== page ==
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Few writers can crawl into a character’s head like Mary Miller. In her 2009 short story collection, Big World, Miller’s protagonists were predominately young women in their twenties.  With her new novel, The Last Days of California, Miller channels fifteen-year-old Jess, trapped in the back of the family car with her secretly pregnant sister Elise, embarking on a road trip from Montgomery, Alabama to California.  Their father’s goal is for them to arrive within four days so they can be among the last American families to be raptured.  Along the way, he encourages the family to witness even though “He didn’t really want all 7 billion people on the planet to be saved.  We wouldn’t be special then.  We wouldn’t be the chosen ones.”

Miller is a recent graduate of the University of Texas’ Michener Center for Writers. She’s returning to her native Mississippi in the fall to serve as the Grisham Writer in Residence at Ole Miss. We discussed fantasizing about fundamentalism, writing realistically about teenage sex, and why she can’t quit Mississippi.

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1.

On the day we call the cops on him, L. tells me he’s always been a fighter.

No guns, though.  He looks up at me from where he’s hunched, a skinny kid sitting on a rickety chair.  Not before what happened.

What happened before was L. was riding his bike and some bad boys shot him in the spine.  He wasn’t supposed to walk again.  He walks fine now.  He swaggers.  His khaki pants are too big and he cinches up his belt higher than the other boys.  I don’t think he can handle wrestling with the constant creep of a sagging waistline.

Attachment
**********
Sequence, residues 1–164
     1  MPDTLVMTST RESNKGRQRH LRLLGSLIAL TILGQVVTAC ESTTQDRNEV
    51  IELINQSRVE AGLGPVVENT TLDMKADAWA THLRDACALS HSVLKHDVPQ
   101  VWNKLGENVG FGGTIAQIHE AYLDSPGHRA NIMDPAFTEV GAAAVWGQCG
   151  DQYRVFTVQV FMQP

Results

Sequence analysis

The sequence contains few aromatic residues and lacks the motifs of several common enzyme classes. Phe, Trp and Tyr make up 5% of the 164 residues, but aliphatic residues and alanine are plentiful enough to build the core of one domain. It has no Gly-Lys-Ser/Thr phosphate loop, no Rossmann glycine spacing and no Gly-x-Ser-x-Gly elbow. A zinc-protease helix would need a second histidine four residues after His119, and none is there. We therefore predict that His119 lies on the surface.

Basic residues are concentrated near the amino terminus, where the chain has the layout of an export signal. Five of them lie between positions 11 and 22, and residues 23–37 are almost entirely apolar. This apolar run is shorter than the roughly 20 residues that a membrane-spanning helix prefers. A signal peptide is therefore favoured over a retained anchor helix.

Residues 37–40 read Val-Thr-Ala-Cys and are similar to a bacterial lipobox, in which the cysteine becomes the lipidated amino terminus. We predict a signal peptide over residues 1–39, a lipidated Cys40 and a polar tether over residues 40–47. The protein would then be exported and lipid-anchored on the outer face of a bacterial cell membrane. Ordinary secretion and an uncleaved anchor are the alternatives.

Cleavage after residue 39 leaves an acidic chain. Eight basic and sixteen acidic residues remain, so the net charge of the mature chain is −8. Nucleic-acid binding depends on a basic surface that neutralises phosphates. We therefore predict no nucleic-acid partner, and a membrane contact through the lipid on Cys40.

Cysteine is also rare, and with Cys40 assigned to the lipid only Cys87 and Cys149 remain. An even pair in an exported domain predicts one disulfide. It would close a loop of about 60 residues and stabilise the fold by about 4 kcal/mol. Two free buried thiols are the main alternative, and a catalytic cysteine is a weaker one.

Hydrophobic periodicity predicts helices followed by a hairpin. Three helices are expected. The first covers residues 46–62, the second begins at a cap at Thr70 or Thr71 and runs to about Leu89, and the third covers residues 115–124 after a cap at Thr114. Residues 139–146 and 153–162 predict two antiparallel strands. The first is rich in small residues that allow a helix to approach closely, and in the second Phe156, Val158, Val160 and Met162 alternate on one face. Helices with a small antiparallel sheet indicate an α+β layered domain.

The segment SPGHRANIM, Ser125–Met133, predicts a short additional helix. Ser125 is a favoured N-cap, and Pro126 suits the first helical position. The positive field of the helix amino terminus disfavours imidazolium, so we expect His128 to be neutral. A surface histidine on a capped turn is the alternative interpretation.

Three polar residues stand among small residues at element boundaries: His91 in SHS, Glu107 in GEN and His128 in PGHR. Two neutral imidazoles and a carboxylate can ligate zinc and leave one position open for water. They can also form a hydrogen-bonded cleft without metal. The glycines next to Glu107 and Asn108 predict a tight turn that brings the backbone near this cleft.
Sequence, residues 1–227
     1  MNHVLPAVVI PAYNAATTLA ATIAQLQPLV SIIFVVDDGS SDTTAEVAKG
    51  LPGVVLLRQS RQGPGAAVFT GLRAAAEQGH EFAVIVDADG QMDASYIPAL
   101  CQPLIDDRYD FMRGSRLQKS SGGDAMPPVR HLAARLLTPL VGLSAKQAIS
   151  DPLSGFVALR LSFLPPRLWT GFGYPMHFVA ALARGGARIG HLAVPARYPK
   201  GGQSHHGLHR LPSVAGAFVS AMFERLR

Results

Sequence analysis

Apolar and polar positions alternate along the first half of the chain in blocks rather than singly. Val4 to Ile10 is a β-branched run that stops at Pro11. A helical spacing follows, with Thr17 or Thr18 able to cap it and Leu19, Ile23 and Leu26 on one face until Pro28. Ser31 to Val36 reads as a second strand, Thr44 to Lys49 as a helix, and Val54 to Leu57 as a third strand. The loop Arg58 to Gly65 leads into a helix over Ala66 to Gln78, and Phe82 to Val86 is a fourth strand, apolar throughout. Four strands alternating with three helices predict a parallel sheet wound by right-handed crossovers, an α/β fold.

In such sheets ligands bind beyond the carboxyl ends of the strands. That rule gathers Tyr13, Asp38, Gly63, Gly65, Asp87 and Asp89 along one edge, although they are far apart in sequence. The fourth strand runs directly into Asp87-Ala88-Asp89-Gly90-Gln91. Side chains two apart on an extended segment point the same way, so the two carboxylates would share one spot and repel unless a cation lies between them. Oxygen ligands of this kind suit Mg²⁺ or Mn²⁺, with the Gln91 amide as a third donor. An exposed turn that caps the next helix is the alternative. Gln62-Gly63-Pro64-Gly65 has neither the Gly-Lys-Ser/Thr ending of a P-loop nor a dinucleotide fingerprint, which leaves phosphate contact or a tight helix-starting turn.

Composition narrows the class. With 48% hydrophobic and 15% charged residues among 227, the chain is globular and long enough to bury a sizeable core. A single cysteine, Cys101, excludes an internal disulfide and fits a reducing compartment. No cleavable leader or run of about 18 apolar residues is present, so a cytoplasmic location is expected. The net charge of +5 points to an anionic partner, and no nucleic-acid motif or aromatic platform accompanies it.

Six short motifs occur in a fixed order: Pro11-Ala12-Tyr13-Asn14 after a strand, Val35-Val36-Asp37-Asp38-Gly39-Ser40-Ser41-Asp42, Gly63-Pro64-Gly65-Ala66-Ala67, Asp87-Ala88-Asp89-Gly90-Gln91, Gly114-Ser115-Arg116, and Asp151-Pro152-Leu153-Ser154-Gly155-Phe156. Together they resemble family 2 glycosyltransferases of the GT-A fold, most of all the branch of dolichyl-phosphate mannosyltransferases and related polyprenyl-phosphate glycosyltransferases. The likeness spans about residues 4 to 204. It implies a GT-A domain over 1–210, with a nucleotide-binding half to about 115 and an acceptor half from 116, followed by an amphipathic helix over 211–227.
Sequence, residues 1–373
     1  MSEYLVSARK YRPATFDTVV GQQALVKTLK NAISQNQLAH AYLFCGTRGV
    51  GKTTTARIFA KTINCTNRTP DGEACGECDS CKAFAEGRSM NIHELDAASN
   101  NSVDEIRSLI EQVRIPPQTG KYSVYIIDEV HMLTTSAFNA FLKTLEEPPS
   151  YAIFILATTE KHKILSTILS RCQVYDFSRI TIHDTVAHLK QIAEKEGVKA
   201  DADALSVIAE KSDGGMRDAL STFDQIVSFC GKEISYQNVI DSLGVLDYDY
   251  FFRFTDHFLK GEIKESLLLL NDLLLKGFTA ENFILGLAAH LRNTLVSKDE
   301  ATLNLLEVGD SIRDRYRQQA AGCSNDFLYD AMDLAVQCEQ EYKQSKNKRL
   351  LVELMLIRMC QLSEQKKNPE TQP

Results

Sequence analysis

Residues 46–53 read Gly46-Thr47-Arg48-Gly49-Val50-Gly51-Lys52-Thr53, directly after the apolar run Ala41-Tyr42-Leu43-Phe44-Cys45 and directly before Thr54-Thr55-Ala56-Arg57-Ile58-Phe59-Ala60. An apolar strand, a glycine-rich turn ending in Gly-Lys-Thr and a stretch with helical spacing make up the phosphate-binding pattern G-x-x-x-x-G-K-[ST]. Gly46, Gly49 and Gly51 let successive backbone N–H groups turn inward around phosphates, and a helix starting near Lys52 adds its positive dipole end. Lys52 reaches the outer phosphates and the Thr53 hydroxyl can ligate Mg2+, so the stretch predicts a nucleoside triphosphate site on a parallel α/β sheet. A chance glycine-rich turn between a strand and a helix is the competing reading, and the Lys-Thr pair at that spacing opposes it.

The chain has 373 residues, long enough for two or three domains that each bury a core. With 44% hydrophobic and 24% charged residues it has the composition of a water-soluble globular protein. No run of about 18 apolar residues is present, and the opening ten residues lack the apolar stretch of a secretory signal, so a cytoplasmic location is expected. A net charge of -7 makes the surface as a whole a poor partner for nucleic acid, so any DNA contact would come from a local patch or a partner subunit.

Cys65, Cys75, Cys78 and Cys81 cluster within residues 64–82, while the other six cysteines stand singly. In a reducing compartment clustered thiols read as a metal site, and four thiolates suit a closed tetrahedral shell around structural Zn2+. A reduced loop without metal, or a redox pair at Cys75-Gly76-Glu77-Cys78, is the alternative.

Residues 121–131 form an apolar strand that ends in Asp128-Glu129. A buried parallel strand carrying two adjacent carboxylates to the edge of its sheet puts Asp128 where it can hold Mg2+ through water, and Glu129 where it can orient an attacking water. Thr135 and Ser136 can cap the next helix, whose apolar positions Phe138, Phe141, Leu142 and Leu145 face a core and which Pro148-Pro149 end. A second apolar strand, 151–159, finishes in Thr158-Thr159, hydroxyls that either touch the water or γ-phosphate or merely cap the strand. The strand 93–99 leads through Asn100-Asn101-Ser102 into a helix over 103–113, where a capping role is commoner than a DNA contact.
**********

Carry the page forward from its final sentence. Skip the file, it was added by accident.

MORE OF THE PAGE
220px-FlowersForAlgernonIn my seventh-grade English class, we read Daniel Keyes’ novella Flowers for Algernon, the first-person narrative of a mentally challenged janitor, Charlie, who briefly becomes a genius after undergoing an experimental procedure. It was my introduction not only to an unreliable narrator but also to one whose unusual speech patterns and perspective on the world opened to me the possibilities of the “other” in literature—whether those others were disadvantaged, culturally different, sociopathic, or just plain crazy. It’s difficult enough for writers to get inside the heads of ordinary characters with ordinary problems; writing from the mindset of a person whom one might not even understand—say, a serial killer—or just not empathize with—a narcissist—can seem downright impossible. And when writers succeed, what does that say about the writer?

3543_browning_frankTo read Frank Browning’s latest book The Monk and the Skeptic: Dialogues on Sex, Faith, and Religion is to eavesdrop on series of confessionals, and to be party to the converse positions and erotic agreements of Browning and Brother Peter, a homosexual Dominican monk, a relationship that begins in kitsch surroundings that Jean Paul Gaultier might want to rip off. It is to enter a rich demimonde frocked in drag and incense, at times sensuous and melancholy, at others cavalier and threaded with paradox. The confessions leak from the ecclesiastical to the secular world, revealing the sexual wounds of the Catholic church, the often painful duality required of gay men within the institution. The relationship between Browning and Brother Peter is—in all senses—touching. The Monk and the Skeptic is a remarkable book, full of yearning and transcendence. I was fortunate to have the opportunity to correspond with Frank about his book and to have him elaborate further on some of the questions arising from it. Since then, Time magazine has named Pope Francis ‘Person of the Year,’ an accolade about which I suspect we would both remain skeptical.